The threat was later determined to be false. Air defense planners were forced to acknowledge limited capability to evaluate threats and respond. Telephone and teletype communications were too slow to keep an air defense commander cognizant of an evolving air battle. In the wake of the false alert, defense planners decided to reevaluate the emerging air defense system.
Twenty scientists and engineers, along with several consultants, considered current and future threats, such as Intercontinental Ballistic Missiles ICBMs , to the United States.
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Regarding the current threat, the group concluded that early warning was critical for a successful defense. They further concluded that automation of command and control through the introduction of computers, such as Whirlwind II, would give air defense commanders valuable minutes to properly deploy interceptor aircraft. The debate was internal. Neither Congress nor the American people were aware of the proposals being discussed. After reevaluating Soviet atomic bomb and bomber production rates, NSC preparers identified as a period of maximum danger.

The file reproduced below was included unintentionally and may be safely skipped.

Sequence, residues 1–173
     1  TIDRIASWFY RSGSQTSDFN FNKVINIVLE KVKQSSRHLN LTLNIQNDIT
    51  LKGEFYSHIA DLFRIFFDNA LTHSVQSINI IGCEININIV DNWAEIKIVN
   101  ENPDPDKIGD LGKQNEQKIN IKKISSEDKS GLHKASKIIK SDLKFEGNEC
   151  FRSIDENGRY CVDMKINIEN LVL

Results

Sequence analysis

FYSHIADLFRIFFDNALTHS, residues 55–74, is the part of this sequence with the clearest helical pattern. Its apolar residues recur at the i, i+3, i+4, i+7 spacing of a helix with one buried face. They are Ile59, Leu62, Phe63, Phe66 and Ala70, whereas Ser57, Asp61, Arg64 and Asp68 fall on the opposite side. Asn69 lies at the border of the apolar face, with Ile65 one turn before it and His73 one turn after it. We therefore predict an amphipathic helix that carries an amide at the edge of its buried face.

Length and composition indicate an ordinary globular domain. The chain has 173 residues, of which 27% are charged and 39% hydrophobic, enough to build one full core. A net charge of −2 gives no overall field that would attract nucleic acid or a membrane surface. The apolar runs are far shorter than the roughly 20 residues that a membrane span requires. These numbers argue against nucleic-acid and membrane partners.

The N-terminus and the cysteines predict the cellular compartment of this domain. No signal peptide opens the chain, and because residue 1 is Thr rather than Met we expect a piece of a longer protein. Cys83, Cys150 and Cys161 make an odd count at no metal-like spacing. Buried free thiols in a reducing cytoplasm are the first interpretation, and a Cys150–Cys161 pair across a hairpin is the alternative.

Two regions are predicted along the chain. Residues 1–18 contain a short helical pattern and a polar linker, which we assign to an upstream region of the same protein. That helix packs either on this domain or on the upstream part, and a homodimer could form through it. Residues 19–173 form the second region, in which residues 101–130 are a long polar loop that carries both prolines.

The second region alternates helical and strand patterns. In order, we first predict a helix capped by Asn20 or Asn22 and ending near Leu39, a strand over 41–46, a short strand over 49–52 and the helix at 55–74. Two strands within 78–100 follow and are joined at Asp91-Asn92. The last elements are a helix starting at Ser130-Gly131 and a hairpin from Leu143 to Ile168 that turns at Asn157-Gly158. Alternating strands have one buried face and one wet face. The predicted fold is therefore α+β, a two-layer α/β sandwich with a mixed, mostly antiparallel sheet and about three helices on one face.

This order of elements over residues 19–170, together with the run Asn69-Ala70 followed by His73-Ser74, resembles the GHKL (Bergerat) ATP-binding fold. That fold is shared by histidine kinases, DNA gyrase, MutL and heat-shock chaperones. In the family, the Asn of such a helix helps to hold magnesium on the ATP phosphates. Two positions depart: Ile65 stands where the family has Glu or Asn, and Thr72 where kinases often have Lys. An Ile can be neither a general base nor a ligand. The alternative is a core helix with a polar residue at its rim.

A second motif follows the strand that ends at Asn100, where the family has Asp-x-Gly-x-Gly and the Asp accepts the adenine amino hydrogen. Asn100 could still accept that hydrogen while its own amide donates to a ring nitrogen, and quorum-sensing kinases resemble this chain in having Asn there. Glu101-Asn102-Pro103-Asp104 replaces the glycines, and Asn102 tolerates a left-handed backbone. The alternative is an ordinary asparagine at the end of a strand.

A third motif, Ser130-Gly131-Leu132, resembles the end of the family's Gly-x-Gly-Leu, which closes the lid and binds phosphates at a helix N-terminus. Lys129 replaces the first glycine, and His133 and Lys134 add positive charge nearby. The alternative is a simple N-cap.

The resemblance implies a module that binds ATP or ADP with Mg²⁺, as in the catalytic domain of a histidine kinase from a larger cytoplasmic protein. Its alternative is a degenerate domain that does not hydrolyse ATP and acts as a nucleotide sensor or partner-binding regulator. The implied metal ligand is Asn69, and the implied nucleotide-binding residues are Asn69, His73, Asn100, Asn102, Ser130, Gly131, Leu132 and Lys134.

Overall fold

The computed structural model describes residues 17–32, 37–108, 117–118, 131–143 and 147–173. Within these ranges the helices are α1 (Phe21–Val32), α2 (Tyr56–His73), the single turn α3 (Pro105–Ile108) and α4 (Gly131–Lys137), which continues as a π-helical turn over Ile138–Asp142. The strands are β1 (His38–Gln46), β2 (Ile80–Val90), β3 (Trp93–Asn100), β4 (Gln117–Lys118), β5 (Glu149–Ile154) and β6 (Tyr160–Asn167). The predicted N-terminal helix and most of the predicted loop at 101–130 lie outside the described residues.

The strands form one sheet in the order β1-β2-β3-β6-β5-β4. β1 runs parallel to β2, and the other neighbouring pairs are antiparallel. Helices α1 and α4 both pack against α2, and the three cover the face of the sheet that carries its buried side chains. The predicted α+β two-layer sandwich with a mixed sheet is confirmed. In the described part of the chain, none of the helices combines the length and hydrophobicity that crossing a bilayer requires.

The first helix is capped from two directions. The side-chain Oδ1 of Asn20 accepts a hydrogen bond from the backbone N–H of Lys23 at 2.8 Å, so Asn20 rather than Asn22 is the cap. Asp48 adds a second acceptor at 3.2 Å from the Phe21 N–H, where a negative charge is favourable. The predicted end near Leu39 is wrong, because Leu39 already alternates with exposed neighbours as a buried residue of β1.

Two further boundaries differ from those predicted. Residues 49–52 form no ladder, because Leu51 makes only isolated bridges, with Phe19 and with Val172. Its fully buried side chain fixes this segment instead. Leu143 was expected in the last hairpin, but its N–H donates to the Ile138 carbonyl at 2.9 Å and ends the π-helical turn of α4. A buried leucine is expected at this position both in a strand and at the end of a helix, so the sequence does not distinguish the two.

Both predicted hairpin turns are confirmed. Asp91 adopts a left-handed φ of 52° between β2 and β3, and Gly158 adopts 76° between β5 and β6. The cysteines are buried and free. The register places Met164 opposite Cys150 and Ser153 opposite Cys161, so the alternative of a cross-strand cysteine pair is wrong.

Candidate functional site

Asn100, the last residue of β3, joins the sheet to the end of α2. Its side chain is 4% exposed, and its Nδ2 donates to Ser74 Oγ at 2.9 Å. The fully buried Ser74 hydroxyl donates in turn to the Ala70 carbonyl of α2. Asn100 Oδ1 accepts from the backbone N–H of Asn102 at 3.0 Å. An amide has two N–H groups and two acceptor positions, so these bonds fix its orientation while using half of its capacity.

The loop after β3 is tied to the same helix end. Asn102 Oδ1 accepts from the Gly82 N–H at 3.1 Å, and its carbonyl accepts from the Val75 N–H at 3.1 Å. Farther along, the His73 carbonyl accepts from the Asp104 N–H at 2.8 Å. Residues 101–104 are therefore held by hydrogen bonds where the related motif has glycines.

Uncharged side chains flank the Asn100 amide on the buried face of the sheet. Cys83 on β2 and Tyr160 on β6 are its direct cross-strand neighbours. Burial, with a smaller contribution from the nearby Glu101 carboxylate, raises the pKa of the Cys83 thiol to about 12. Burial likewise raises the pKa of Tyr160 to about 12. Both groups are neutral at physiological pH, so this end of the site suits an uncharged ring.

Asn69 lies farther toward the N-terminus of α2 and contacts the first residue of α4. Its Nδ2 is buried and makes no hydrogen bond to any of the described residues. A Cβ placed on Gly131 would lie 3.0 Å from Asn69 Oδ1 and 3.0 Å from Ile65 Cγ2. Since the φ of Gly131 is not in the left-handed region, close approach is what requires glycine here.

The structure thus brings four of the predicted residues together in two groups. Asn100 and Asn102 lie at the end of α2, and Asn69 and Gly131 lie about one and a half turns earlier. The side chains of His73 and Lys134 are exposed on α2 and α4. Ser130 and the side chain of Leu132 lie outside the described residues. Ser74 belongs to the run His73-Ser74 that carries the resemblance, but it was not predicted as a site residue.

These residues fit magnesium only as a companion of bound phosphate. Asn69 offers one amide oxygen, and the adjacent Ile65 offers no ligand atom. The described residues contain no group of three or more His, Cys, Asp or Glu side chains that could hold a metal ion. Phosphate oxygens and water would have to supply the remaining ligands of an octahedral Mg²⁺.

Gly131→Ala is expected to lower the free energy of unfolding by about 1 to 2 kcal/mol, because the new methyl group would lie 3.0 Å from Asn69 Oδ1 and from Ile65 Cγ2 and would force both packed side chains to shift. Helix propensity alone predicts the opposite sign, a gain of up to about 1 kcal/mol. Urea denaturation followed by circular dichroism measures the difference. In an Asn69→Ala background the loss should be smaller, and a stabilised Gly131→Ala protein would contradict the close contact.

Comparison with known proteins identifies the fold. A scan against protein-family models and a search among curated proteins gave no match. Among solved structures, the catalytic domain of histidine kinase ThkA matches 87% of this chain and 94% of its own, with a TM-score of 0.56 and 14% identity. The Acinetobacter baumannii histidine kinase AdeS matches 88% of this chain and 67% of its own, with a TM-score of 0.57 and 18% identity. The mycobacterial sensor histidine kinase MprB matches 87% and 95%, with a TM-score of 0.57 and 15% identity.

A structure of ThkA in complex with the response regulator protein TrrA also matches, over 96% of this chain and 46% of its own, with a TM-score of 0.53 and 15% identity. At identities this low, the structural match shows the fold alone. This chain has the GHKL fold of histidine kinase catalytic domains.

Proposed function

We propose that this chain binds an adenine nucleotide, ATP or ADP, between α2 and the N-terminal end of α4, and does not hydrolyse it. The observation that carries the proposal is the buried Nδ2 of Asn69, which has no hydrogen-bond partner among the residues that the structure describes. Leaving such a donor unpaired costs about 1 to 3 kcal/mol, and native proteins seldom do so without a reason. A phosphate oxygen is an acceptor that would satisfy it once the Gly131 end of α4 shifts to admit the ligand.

Facing this imminent Soviet threat, defense planners considered an effective air defense warning system to be essential. However, newly elected President Dwight D Eisenhower desired a reduction in defense spending and a change of priorities. The new administration no longer considered to be a period of maximum danger.
While the Kelly Committee reviewed Summer Study Group recommendations, the American people became aware of the debate through congressional testimony and press coverage.